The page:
Fly Ash

What is Fly Ash?

Ash, as we know is produced whenever combustion of solid materials like coal takes place. Fly ash is one such residue which rises with the gases into the atmosphere. The ash which does not rise is termed as bottom ash. In industrial terminology, fly ash generally refers to ash produced during combustion of coal. Fly ash is generally captured by electrostatic precipitators or other particle filtration equipments before the flue gases reach the chimneys of coal-fired power plants. Fly ash contains large amounts of aluminium silicate along with silicon dioxide (SiO2) and calcium oxide (CaO).

Dangers posed by Fly ash

Fly ash is a very fine powder and tends to travel far in the air. If fly ash is not captured and disposed off properly, it can pollute air and water considerably. When inhaled fly ash causes respiratory problems. Fly ash in the air slowly settles on leaves and crops in fields in areas near to thermal power plants and lowers the plant yield

Indian Scenario

Coal accounts for about 70% of power production in the country. The thermal power plants in India generate an estimated 100 million tonnes of fly ash per annum. The World Bank has already cautioned India that by 2015, disposal of coal ash would require 1000 square kilometres or one square metre of land per person.

Uses of Coal Ash

Despite the enormity of the problem, fly ash has many advantages and can be successfully used to the benefit of society. The following are some of its advantages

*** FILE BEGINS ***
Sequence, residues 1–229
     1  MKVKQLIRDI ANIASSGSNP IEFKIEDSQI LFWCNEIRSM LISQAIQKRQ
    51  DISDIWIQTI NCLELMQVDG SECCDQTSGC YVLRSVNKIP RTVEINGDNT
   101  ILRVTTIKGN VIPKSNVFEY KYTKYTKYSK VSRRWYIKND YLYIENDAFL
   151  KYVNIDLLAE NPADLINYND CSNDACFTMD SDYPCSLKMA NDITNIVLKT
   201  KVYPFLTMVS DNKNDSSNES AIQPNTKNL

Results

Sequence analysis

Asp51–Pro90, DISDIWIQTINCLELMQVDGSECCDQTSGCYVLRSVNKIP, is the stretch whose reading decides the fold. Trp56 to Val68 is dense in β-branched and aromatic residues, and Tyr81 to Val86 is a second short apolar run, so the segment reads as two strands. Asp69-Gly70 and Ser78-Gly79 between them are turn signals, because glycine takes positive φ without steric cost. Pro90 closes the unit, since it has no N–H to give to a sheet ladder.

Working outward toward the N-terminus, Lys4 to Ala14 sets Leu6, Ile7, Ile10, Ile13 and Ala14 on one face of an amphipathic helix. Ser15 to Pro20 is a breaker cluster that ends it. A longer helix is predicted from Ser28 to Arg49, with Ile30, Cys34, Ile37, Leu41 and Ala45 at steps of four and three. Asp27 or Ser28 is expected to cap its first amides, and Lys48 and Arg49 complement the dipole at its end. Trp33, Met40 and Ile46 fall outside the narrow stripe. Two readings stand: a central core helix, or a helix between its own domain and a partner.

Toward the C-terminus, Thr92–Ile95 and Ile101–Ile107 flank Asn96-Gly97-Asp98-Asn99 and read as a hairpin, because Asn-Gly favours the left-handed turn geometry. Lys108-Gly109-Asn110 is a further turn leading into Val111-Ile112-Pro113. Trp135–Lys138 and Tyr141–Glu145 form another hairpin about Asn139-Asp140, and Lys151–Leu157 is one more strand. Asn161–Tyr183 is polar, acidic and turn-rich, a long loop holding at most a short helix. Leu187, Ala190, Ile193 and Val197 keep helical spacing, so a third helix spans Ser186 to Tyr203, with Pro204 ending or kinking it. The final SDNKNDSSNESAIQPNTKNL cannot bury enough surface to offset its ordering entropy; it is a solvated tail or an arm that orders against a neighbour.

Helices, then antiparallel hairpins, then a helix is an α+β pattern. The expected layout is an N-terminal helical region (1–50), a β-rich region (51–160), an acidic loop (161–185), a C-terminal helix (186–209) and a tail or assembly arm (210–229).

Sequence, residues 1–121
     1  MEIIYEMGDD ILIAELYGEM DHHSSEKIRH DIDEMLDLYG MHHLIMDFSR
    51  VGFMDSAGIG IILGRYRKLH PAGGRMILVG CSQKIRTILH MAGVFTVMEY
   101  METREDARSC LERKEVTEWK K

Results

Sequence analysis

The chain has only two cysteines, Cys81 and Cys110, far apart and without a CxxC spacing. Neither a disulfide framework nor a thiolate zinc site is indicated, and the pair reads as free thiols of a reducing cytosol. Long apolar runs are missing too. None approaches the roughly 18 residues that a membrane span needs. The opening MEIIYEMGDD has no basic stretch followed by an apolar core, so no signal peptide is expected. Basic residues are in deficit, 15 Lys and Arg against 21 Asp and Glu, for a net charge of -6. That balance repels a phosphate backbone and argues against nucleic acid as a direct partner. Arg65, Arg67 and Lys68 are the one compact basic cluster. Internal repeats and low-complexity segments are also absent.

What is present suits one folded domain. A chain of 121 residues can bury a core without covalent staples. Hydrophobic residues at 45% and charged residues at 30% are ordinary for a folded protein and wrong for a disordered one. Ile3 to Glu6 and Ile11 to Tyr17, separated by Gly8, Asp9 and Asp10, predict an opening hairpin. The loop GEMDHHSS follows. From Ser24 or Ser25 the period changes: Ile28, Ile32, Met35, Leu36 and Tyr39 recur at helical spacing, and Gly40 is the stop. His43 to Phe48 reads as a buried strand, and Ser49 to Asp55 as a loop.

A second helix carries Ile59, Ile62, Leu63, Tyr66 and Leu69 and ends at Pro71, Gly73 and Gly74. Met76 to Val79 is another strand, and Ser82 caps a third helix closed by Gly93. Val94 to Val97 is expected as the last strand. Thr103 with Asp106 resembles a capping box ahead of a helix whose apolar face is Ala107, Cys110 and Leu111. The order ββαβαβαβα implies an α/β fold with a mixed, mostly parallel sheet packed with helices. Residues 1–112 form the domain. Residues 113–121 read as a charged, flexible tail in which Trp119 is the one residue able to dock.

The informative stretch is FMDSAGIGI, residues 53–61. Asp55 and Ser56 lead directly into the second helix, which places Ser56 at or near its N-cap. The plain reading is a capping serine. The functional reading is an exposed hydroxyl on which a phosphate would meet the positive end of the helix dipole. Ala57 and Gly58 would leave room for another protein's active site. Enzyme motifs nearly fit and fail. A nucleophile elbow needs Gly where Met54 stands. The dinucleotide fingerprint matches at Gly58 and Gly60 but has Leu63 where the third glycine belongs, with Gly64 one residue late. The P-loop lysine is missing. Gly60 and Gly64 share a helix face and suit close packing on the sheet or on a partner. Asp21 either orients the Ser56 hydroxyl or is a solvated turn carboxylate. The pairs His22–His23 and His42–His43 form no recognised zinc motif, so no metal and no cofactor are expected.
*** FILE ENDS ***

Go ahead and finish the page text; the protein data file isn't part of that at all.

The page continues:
1. Building Construction: Cement can be replaced upto 35% by fly ash thus reducing the cost of construction considerably.
  2. Fly Ash Bricks: Fly ash bricks are light in weight and offer high strength and durability and can be made at construction site also.
  3. Road Construction: Fly ash is a better fill material for road embankments and in concrete roads, fly ash can be used upto 35% of total cement, thus making cost-effective roads.
  4. Land Filling: Fly ash can be used in developing wastelands for their productive use in agriculture, floriculture and forestry.
  5. Mine Filling: Abandoned mines can be filled up with fly ash.
  6. Agriculture: It has been established by agriculture research institutes that fly ash can increase the crop yield by 10% to 50% and it also enhances water holding capacity of the land in use.

Government Action

The Ministry of Environment and Forests vide its notification in 2009, has made it mandatory to use :-

  1. Fly Ash based products in all construction projects, road embankment works and low lying land filling works within 100 kms radius of Thermal Power Station.
  2. Fly Ash in all mine filling activities within 50 kms of Thermal Power Stations.